Newsletter... 5-25-02

Sun, May 26, 2002
MONKS SEEING DOUBLE: Echoes of dharma in 'Star Wars'
Director George Lucas is lucky Lord Buddha didn't copyright his teachings "In whom there is neither fraud nor conceit. Who is without greed. Unselfish. Desireless. With anger quelled, his mind quenched. He is a - Jedi?" Buzzzz! Wrong answer. Thank you for participating in "The Weakest Link". You may step down. Although we have learned that the Jedi code says: "A Jedi shall not know anger. Nor hatred. Nor love", the correct answer to this question is a "bhikkhu" or monk, according to the Udana section of the Buddhist cannon. The verse is said to have been uttered by none other than the Lord Buddha himself.
Now try again. Who said, "Fear leads to anger, anger leads to hate, hate leads to suffering." If you think the answer is "Buddha", then you're wrong again. It's actually the top Jedi master Yoda. (Notice how similar the names sound).
Anyone familiar with Buddhism can spot its parallels with the Star Wars' Jedi order, particularly in George Lucas' latest instalment. This clone-like copying gives a new and quite literal meaning to the film title "Attack of the Clones." Incidentally this is also Episode II. Anyone seeing double? Lucky Lucas can get away with it without paying royalty fees, because the Buddha didn't copyright his teachings or Dharma, describing them as the universal truth which he had only discovered, not created. And if that sounds familiar, perhaps you're thinking of The Force, described by Yoda in these words: "Its energy surrounds us and binds us. Feel the force around you . . . Here, between you and me, the tree, the rock."
This sci-fi franchise is long known for its religious overtones, which differentiate it from the next-in-line Star Trek with its secular techno-babble. Lucas himself admitted in a Time magazine interview before Episode I: "I see 'Star Wars' as taking all the issues that religion represents and trying to distil them down into a more modern and easily accessible construct, that there is a greater mystery out there." Nodding 'Star Wars' fans say this mystical side taken to mythical proportion gives the films their "soul". Although Lucas borrowed freely from many myths and several religions - Anakin's virgin birth and the larger theme of the fall, wandering, return and redemption are unmistakably Biblical - there is a strong Buddhist flavour to it that has been called by one critic "the second coming of the Beatles and their Maharishi Yogi, a conspiracy to lead our youngsters away from Christianity into Zen Buddhism . . . or worse." Talk about paranoia!
Like any good myth, "Star Wars" can be interpreted in many ways and on more than one level. The theme of the battle between the forces of good and evil is as old as civilisation itself. It can be traced back 2,500 years ago to Iran, where the Zoroastrians believed that Earth was the field where the war between good and evil was played out. On this level, the movie "borrows" much from Japan. Lucas' Jedi are obviously modelled on samurai - watch how they hold their light sabres - whose Bushido philosophy combines Zen Buddhism and Taoism. Another give-away are many of Amidala's outfits and hair-dos, which are obviously Japanese rip-offs.
The movie also gives a veiled "Free Tibet" message. It suggests the planet Naboo as Tibet, threatened by the vaguely Chinese-looking Trade Federation bad guys to the point that its leader (read Dalai lama) had to flee. "Amidala" is a resemblance of Amitabha, a future Buddha, just like the Dalai Lama. And her other name "Padme", meaning lotus, is taken from the Tibetan chant, "Om mani padme hum" ("The jewel is in the lotus").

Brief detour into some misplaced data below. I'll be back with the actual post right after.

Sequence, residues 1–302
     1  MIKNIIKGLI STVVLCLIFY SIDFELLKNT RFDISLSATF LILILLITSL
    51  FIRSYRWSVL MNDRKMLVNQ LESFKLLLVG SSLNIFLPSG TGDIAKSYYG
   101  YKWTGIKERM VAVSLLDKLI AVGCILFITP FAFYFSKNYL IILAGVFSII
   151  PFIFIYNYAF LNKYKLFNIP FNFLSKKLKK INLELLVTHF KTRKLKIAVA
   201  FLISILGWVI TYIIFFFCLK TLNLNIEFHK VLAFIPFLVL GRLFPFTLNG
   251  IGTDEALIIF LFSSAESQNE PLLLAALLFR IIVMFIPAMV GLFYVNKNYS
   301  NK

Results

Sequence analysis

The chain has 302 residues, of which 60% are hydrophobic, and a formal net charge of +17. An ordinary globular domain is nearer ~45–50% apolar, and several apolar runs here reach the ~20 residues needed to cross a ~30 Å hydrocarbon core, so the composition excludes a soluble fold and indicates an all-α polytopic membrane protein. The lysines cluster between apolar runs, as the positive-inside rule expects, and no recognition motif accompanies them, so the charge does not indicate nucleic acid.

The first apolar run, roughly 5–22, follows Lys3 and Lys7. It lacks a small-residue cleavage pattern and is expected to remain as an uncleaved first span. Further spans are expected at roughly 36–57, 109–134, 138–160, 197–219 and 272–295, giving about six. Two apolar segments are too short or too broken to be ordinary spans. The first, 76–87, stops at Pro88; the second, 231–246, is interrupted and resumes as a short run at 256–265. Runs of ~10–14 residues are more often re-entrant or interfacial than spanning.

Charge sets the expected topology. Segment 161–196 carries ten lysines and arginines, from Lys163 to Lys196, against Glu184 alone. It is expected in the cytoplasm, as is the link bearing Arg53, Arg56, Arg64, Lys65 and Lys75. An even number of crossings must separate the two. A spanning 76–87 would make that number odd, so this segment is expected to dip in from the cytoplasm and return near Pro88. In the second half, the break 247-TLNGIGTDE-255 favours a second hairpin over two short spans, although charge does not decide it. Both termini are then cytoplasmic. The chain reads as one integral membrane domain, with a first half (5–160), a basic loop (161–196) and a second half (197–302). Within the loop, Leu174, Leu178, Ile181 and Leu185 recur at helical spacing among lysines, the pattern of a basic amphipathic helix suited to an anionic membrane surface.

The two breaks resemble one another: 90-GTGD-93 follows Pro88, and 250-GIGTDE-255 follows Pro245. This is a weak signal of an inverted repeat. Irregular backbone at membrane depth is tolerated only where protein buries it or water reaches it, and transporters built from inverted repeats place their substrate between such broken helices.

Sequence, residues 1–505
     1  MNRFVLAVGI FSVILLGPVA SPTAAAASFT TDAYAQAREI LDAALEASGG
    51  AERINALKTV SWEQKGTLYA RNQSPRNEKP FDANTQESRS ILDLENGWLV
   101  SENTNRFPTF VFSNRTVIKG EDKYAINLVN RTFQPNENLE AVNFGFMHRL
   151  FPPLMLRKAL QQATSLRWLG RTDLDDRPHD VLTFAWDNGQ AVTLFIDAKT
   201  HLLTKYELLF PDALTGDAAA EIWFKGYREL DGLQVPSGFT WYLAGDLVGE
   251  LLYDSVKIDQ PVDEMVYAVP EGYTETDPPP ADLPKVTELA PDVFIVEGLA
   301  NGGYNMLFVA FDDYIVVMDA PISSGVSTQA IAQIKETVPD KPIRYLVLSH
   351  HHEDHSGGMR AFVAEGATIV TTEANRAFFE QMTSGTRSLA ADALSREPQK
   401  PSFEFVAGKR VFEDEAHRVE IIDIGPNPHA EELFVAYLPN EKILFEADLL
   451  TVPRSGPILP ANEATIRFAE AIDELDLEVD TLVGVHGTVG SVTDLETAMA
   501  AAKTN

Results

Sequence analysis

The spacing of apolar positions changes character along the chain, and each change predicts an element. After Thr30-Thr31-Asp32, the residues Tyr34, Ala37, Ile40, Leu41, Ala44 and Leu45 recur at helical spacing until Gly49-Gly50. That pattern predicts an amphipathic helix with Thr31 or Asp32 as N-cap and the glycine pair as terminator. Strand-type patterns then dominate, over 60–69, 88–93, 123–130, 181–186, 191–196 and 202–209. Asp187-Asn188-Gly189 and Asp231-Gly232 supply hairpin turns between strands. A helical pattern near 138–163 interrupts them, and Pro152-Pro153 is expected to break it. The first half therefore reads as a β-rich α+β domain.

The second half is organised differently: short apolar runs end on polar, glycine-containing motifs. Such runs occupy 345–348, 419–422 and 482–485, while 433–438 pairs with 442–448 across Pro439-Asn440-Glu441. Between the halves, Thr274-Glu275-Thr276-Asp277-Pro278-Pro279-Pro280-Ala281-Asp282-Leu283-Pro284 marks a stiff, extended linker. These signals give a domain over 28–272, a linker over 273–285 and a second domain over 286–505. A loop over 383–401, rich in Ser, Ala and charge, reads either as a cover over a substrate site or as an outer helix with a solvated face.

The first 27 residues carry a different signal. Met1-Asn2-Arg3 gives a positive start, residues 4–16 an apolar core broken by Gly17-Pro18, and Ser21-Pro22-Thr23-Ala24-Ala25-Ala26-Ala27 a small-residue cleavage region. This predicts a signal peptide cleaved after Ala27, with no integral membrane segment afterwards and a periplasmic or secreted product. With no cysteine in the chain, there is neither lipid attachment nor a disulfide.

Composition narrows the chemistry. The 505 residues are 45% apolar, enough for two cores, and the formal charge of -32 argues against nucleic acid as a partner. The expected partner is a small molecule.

However, like the Indian epics "Mahabharata" and "Ramayana", "Star Wars" can also be read on another level. The common thread among these sagas is the notion, more in line with Theravada Buddhism as practised in Thailand, that the real battle is an internal one. The spiritual journey is often described in Buddhism as a war against Mara and his army, the personification of all defilement. (One of the Buddha's epithets says "one who has won the most difficult of wars".)
In Episode II, Anakin, now 19 years old, is shown to be gradually swerving away from the Jedi order and veering to the "dark side." In one scene he is told to practise compassion and turn away from attachments and possessions, for they lead to the fear of loss. But the request is to no avail. Anakin will fall in love with Amidala and slaughter those who killed his mother. Besides, he's seen to become arrogant with his abilities, swearing at his teacher Obi-wan. These are easily identifiable as the Buddhist concept of the three roots of evil: desire, anger and ego.
In Yothajivasutta, in the Buddhist cannon, Buddha compares a monk to a warrior. He says there are those warriors who give up a battle for three reasons: seeing the dust from the enemy camp, seeing the enemy flag, and hearing the thundering sound of the enemy army, while others engage with the enemy and fight all the way to victory.
Likewise, a monk's battle is against the temptation of sex. He says there are monks who give up celibacy at 1) hearing about a woman, 2) seeing a woman, 3) being talked to by a woman and 4) being touched by a woman. Then there are those monks who do not yield to such temptations. By this standard, it is obvious that Anakin's resistance fails at the very first round. (He was already a goner when he learned that he would see Amidala again).
Seen in that sense, the real "Star Wars" are the ones in our minds, and each of us is, like Anakin, an apprentice Jedi who struggles against the temptations of the "dark side", not necessarily to the same end. Perhaps on the occasion of Visakha Bucha (Buddha's Birthday) this year it may be appropriate to say to each other: "May the Force be with you."
Paisarn Likhitpreechakul
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